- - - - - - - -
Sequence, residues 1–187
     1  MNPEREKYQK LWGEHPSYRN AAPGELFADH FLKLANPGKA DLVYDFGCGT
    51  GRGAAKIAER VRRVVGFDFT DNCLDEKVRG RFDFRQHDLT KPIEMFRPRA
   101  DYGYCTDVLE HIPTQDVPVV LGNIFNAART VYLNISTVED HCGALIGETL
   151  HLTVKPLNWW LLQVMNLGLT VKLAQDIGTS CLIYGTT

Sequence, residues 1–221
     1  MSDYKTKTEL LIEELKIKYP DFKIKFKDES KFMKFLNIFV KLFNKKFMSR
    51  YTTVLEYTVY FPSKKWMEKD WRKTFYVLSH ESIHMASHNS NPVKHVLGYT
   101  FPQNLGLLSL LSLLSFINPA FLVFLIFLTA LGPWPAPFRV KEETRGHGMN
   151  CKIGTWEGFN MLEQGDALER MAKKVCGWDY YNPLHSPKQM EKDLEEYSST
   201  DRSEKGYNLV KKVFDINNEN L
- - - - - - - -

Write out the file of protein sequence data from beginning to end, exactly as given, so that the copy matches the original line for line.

Sequence, residues 1–187
     1  MNPEREKYQK LWGEHPSYRN AAPGELFADH FLKLANPGKA DLVYDFGCGT
    51  GRGAAKIAER VRRVVGFDFT DNCLDEKVRG RFDFRQHDLT KPIEMFRPRA
   101  DYGYCTDVLE HIPTQDVPVV LGNIFNAART VYLNISTVED HCGALIGETL
   151  HLTVKPLNWW LLQVMNLGLT VKLAQDIGTS CLIYGTT

Sequence, residues 1–221
     1  MSDYKTKTEL LIEELKIKYP DFKIKFKDES KFMKFLNIFV KLFNKKFMSR
    51  YTTVLEYTVY FPSKKWMEKD WRKTFYVLSH ESIHMASHNS NPVKHVLGYT
   101  FPQNLGLLSL LSLLSFINPA FLVFLIFLTA LGPWPAPFRV KEETRGHGMN
   151  CKIGTWEGFN MLEQGDALER MAKKVCGWDY YNPLHSPKQM EKDLEEYSST
   201  DRSEKGYNLV KKVFDINNEN L